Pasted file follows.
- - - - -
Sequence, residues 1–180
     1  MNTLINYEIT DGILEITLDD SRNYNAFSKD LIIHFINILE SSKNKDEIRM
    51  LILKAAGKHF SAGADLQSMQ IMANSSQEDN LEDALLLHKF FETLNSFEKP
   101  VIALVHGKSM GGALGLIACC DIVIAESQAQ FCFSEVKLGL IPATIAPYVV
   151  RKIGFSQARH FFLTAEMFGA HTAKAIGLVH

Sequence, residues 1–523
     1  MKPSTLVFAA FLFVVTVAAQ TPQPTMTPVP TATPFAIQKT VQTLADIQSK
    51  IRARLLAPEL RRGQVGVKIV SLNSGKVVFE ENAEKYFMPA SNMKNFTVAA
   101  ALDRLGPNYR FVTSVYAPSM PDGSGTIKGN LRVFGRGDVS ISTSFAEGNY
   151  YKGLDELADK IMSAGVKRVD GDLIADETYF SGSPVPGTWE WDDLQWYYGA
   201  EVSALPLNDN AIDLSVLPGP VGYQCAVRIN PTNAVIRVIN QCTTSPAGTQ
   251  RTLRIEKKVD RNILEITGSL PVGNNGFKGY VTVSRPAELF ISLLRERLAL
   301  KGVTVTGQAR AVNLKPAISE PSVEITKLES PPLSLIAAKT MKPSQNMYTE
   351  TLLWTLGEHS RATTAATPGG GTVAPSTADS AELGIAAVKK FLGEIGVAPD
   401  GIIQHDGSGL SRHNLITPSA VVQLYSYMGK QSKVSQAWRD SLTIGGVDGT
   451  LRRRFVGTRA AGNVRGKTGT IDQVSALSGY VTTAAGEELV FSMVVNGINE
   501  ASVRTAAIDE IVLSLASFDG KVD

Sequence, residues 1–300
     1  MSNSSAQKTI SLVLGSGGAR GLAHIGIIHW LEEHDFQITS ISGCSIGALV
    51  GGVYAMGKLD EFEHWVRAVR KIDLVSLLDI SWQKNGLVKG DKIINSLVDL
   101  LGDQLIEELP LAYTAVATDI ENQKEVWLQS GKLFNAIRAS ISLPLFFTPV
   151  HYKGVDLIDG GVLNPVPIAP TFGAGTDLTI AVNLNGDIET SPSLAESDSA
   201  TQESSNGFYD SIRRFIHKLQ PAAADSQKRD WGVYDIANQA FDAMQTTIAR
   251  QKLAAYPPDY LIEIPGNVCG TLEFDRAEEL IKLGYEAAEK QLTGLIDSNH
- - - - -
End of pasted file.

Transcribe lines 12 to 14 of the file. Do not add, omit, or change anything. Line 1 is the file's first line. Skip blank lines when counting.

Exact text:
   251  RTLRIEKKVD RNILEITGSL PVGNNGFKGY VTVSRPAELF ISLLRERLAL
   301  KGVTVTGQAR AVNLKPAISE PSVEITKLES PPLSLIAAKT MKPSQNMYTE
   351  TLLWTLGEHS RATTAATPGG GTVAPSTADS AELGIAAVKK FLGEIGVAPD